Netanyahu must bear the consequences of Israel’s actions

Netanyahu must bear the consequences of Israel’s actions

A Lebanese army soldier and military intelligence forensic investigators on the scene after two drones came down in the vicinity of a Hezbollah media centre. (AFP)

Israeli Prime Minister Benjamin Netanyahu is risking taking his country to war on multiple fronts, as Tel Aviv was quick to acknowledge that it had carried out an airstrike against an Iranian position south of Damascus late on Saturday. On Sunday, Hezbollah claimed that two Israeli drones, one of which was carrying explosives and may have been targeting a senior militia figure, had crashed in Beirut’s southern district. Less than 24 hours later, the Lebanese government claimed that Israel had struck a Palestinian base near the border with Syria. And, also this week, Iraqi officials connected to the pro-Iran Popular Mobilization Forces (PMF) blamed Israeli drones for a series of mysterious explosions that have struck militia bases in recent weeks. 

Meanwhile, Israel and Hamas continue to exchange blows amid rising tensions along the borders of Gaza. On Sunday, Israel said it had intercepted two of three rockets that were launched from Gaza and, in return, Israeli fighter jets struck several Hamas targets north of the Strip. Netanyahu and other government ministers have been warning Hamas of a major punitive military campaign ahead of next month’s crucial elections, which will determine the political career of the Israeli premier.

While Israeli strikes against Iran-related targets in Syria are not new — there seems to be an agreement with Russia that such pre-emptive attacks will be tolerated — the targeting of PMF bases in Iraq represents a dangerous development in Israel’s strategy to confront Iranian threats. Last week, US officials, requesting anonymity, confirmed that Israeli drones were behind the bombing of an Iranian weapons depot in Iraq last month. 

Netanyahu was this week asked whether Israel would operate against Iranian targets in Iraq if needed. Without directly naming Iraq, he said: “We are operating, not just if needed; we are operating in many areas against a state that wants to annihilate us. Of course I gave the security forces a free hand and instructed them to do anything necessary to thwart Iran’s plans.” Netanyahu’s escalation is seen by observers as taking his confrontation with Iran to new levels.

The timing of this latest escalation can only be tied to Netanyahu’s desperate efforts to win a historic fifth term as prime minister.

Osama Al-Sharif

In defending Saturday night’s strike in Syria, Israel said it had foiled an Iranian attempt to launch “killer drone attacks” against Israeli positions. The target was said to belong to Iran’s Quds Force, which is under the command of Maj. Gen. Qassem Soleimani and is the overseas arm of Iran’s Islamic Revolutionary Guard Corps.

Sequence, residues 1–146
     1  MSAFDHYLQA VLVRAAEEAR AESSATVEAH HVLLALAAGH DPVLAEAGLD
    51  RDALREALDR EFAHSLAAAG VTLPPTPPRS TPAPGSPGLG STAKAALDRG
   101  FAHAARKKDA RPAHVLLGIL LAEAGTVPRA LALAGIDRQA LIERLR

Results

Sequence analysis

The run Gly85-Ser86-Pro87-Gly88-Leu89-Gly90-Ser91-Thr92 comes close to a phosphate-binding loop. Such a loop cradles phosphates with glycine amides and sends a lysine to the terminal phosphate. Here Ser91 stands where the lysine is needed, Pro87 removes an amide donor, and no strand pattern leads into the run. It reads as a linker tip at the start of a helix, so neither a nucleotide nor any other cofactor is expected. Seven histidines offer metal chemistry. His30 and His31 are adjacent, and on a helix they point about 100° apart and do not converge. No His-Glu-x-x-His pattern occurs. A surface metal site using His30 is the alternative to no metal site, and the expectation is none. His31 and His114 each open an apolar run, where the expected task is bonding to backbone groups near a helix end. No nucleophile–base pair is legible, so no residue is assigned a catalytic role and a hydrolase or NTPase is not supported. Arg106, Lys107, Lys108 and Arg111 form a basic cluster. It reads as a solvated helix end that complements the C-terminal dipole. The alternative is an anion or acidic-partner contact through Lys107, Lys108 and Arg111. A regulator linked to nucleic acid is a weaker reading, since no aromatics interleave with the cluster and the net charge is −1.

Meanwhile, in a fiery response to the latest attacks, Hezbollah leader Hassan Nasrallah said the Israeli strikes against targets in Syria on Saturday had actually targeted Hezbollah and not Iran. Two Hezbollah fighters were killed. He added that the drones threatening Beirut were “very, very dangerous” and were the first attack since the end of the Israel-Hezbollah War on Aug. 14, 2006. Nasrallah said this incident represented “a violation of the rules of engagement.” The Israeli attack was indeed a violation of UN Security Council resolution 1701, which set the rules of engagement between the two sides. Nasrallah vowed to carry out a quick and painful response; a threat that the Israeli government is taking seriously.

President Michel Aoun also criticized Israel’s drone strikes on Palestinian targets in Lebanon. “What happened is equal to a declaration of war and gives us the right to defend our sovereignty, independence, and the safety of our land,” he told the UN. “We are people who seek peace and not war, and we don’t accept that anyone threatens us through any means.”

The timing of this latest escalation can only be tied to Netanyahu’s desperate efforts to win a historic fifth term as prime minister in the coming elections. Any failure to form a right-wing government may increase the chances of him facing corruption charges that may lead to trial and imprisonment.

It is interesting that the US pointed the finger at Israel over the series of unexplained Iraqi blasts. Whether these strikes were carried out with or without US permission will have an effect on internal Iraqi politics and the ties between Baghdad and Washington. The Iraqi government has stated that it does not want to be party to the current Iran-US showdown. 

The Israeli strikes against the PMF may have unintended results for Netanyahu. The mainly Shiite PMF were formed to fight Daesh in Iraq and were implicated in anti-Sunni atrocities. By targeting them, Netanyahu is helping rebrand the militias as anti-Israel, thus expanding their popular base. Pro-Iran former Prime Minister Nouri Al-Maliki warned Israel of a strong response and said that, if Tel Aviv continues to target Iraq, his country “will transform into a battle arena that drags in multiple countries, including Iran.”

The reality is that Israel has changed the rules of engagement with Iran and its proxies in Lebanon, Syria and now Iraq — not to mention Gaza. The danger is that two can play this game and Iran, which is unlikely to be affected by Israeli strikes, can still do harm and push for a new or even multiple fronts. Netanyahu must be ready to bear the consequences of his actions. In the coming hours and days we will see how Hezbollah responds to the latest Israeli breaches.

  • Osama Al-Sharif is a journalist and political commentator based in Amman. Twitter: @plato010
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